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How Many & Which Ones



How Many & Which Ones

Typical advice says that there are five to 10 content marketing goals and that you can hit them separately with different types of content. I think there are two mistakes in this approach.

First, it mistakes goals for outcomes of content marketing. 

Second, you shouldn’t design to hit only one of those “goals” because it can hurt content quality. 

In this article, I’ll share a perspective on what’s wrong with the typical model and offer a solution —a slightly more streamlined (and hopefully realistic) approach to content goals.

The problem with traditional content marketing goals

For years, we’ve been getting used to the same set of content marketing goals. It goes something like this:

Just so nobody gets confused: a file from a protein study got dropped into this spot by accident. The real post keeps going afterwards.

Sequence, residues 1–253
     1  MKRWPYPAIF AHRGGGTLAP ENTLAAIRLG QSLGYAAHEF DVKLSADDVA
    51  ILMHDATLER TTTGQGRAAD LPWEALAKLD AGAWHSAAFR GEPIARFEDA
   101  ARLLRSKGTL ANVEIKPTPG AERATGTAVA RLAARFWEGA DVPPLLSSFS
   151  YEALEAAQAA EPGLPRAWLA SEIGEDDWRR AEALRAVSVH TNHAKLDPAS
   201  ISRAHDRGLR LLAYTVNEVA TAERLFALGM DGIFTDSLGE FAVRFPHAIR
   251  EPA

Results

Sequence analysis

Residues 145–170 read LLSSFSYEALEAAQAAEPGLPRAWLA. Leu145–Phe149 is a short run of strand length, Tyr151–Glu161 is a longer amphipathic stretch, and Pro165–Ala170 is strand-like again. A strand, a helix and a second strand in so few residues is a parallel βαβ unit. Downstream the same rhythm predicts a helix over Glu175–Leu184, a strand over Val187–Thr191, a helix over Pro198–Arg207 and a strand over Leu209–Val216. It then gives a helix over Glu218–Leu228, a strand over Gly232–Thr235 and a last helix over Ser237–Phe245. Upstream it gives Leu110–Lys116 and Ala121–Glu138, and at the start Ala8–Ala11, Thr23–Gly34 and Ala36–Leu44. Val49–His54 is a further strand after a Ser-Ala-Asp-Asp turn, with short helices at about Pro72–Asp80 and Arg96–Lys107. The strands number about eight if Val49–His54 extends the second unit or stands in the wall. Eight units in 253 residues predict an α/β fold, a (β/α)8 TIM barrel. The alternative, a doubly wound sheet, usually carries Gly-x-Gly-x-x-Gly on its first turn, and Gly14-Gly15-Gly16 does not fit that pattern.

• Brand awareness 
  • Lead generation
  • Thought leadership 
  • Lead nurturing
  • Creating interest in the product 
  • Conversion (sales/sign-ups)
  • Brand loyalty 
  • Customer retention 

Sounds familiar? These are the traditional marketing goals repeated by countless publications over the years. 

Surprisingly, these goals were built upon two simple fallacies.

1. Mistaking outcomes for goals 

In reality, those are not marketing goals; those are outcomes of good content marketing. In other words, this is how businesses benefit from creating helpful and enjoyable content. 

If you’re wondering what the difference is:

Goals vs. objectives

So the reason to do content marketing is to achieve the outcomes. But to achieve them, you need something else. You need goals that lead to those outcomes. 

2. Implying that you can/should focus on one goal